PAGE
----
Report by (Race winner!) Karol Cronin
Photos by Eoin O’Brien
Hats off to Athletics Ireland and Dublin City Council for organising at short notice this historic once off 5k race to commemorate to the very day when Dublin rose up in rebellion against the British Empire.
The race route would take runners past some sites and battles during the 1916 Easter Rising.
Race reporter Karol with Margaret after the race
Despite the race initially starting at 9am (then later to 8am!), it proved a really popular one with over 4,000 runners in a sea of blue lining out on a sunny, beautiful Dublin morning at Mountjoy Square.
Sportworld runners included Grainne, Stephan, Claire, Catherine, Madeline, Eoin, Margaret, Naoise, Damian Kelly and Ann Higgins with her husband and kids as well as a few other members.
Cycling in from Rathfarnham to the city just like Padraig Pearse and his brother Willie a 100 years to the day, I wondered what thoughts were going through their minds. Certainly not race nerves. Not a sinner was out as I cycled in bar a lad laden with bottles of beer looking for a lift off me on Meath St.
I parked up at the finish area of the picturesque Royal Hospital Kilmainham and got my warm up done by jogging up to the start line meeting my brother along the way. There was a great atmosphere up there, helped by the lovely early morning sunshine.
I met my friend Jonny there and we did a warm up together on street running down to Croke Park.
Looking to get back to some consistency in training, I had done a track session the day before. Lining up at the very front I said to myself if the pace wasn’t too bad I’d give it go and stay up with the front group.
After Amhràn na bhFiann was sung, we set off down to the Garden of Remembrance and swung a left down to O’Connell St (Sackville St in 1916). Here we past the GPO, the headquarters of the rebels and where Pearse read out the proclamation to the bewildered citizens of Dublin.
Just before O’Connell Bridge, we turned left up to Liberty Hall, the headquarters of the Irish Citizen Army and where their leader James Connolly had the proclamation printed.
At this stage in the race, a group of four of us had opened a considerable gap on the others and I felt comfortable in this pack as we turned back from Liberty Hall, passing the Rosie Hackett Bridge named in honour of the women who was involved in the Rising in the Royal College of Surgeons and a fighter for workers rights.
We then crossed over Butt Bridge taking a right where there started a long run up along the quays all the way to Kilmainham. As the city was beginning to wake up, we were offered a few words of encouragement by passersby and a few regulars to the city’s quays, “Fair play to yiz lads”.
From across the river we past the Four Courts around the 3k mark which would be taken over by the Limerick born Edward ‘Ned’ Daly who was the youngest commandant in the Rising.
After that we passed the lesser known Mencity Institute at Ushers Island. This building was originally meant to be held for three hours to protect the Four Courts and hinder British reinforcements. They ended up holding out for three days under the command of Sean Heuston who had the train station named after him where he had previously worked.
At this stage there was myself and two others left. For certain periods along the Liffey, I felt the previous days training in me but as neared closer to Heuston Station I held it together and tucked in behind the others knowing there was going to a steady uphill to the finish line.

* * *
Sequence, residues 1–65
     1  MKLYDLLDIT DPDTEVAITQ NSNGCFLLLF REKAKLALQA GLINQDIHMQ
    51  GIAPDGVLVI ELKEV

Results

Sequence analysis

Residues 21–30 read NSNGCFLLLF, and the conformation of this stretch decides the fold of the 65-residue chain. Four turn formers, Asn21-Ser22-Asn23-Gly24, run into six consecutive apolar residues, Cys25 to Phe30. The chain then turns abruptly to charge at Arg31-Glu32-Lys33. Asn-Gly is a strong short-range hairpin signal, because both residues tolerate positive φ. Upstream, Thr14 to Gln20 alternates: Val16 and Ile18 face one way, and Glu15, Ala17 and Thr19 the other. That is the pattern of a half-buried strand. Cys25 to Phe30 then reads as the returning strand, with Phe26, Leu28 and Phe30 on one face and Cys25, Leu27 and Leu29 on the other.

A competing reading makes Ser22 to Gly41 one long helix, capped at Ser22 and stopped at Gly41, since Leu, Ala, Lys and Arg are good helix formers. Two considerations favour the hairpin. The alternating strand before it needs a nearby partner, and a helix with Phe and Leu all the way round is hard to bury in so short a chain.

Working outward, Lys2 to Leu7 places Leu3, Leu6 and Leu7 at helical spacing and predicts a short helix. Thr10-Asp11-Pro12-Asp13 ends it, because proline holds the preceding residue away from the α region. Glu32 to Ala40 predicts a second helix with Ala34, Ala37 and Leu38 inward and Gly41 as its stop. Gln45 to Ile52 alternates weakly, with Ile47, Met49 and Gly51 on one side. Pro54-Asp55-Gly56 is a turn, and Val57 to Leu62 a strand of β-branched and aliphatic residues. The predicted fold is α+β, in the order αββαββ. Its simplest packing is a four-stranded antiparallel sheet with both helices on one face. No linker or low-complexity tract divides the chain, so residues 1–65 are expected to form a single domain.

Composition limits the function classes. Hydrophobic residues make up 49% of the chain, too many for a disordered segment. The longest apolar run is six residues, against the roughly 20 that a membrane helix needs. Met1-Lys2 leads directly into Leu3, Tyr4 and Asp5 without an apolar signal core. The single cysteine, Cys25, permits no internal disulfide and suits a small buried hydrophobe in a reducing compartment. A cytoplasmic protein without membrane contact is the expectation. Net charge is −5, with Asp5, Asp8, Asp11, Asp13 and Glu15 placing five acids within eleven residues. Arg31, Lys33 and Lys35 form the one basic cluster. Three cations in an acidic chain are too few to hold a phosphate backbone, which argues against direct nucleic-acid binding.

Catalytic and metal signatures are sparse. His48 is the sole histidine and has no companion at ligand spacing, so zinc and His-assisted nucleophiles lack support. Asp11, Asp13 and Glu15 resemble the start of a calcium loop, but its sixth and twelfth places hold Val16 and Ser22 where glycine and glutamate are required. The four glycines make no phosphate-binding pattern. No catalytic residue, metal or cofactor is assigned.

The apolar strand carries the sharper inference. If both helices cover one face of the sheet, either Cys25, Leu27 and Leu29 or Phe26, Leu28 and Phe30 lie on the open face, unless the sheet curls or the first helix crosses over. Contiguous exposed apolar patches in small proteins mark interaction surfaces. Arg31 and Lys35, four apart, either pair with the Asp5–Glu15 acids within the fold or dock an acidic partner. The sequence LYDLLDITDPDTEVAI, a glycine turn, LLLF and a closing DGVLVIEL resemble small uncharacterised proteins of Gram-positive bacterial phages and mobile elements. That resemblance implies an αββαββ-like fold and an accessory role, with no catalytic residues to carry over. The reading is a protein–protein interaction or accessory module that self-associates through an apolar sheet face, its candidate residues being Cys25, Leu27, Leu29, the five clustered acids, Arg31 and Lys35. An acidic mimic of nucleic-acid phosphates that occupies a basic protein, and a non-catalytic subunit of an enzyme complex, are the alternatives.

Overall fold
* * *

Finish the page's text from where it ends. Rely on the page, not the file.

After the train station, we turned up towards the hill. I thought to myself that it would be a great opportunity to win a race like this so I decided to give it a go and kicked off. I managed to make a gap as we approached the gates to the Royal Hospital Kilmainham. Fearing a back lash from the others, I ran like the whole British army were out to get me.
Thankfully I was able to hold off and be the first over the line and hold a 100 year record of this 1916 Easter Rising 5k. It was only later that I found out that I clocked a time of 16.16, a somewhat appropriate time. It was a great race to have won and great venue to have a finish in. I chatted with a few people after the race finally being able to have some breakfast.
The Royal Hospital was the headquarters of the Bristish during the Rising and actually had machine guns of the roof, spraying bullets at the rebels who occupied the South Dublin Unions (Now St James Hospital).
You can a lot done when you get up early I learnt. Perhaps still feeling a buzz of winning and having a bit of food, I decided to celebrate by cycling to the Phoenix Park to do my long run.
There I bumped into Eoin, Margaret and Naoise who I thought were starting their long run but had in fact used the 5k run as part of their long run and had continued running to the Phoenix Park to complete their loop.
This was when I told them of my 100 year club record and the ever ready social media guru Eoin was at hand to picture this historic occasion.
Soon afterwards all the other Sportsworld members arrived for their early morning long run and upon hearing of the news, gave me a round of applause which was very touching.
I then went off on my long run with a few others and then cycled home where I finally put my feet up for a while. I then went up to St Endas Park, the home of Pearse’s school for a concert commenarting the Rising. I wonder what he would have thought of me winning the race. Pearse led them in Dublin in 1916, Karol in 2016!
Well done to everyone involved in organising the race and to all the Sportsworld members who ran in it. A big thanks to everyone who congratulated me and sent me well wishes. Very much appreciated!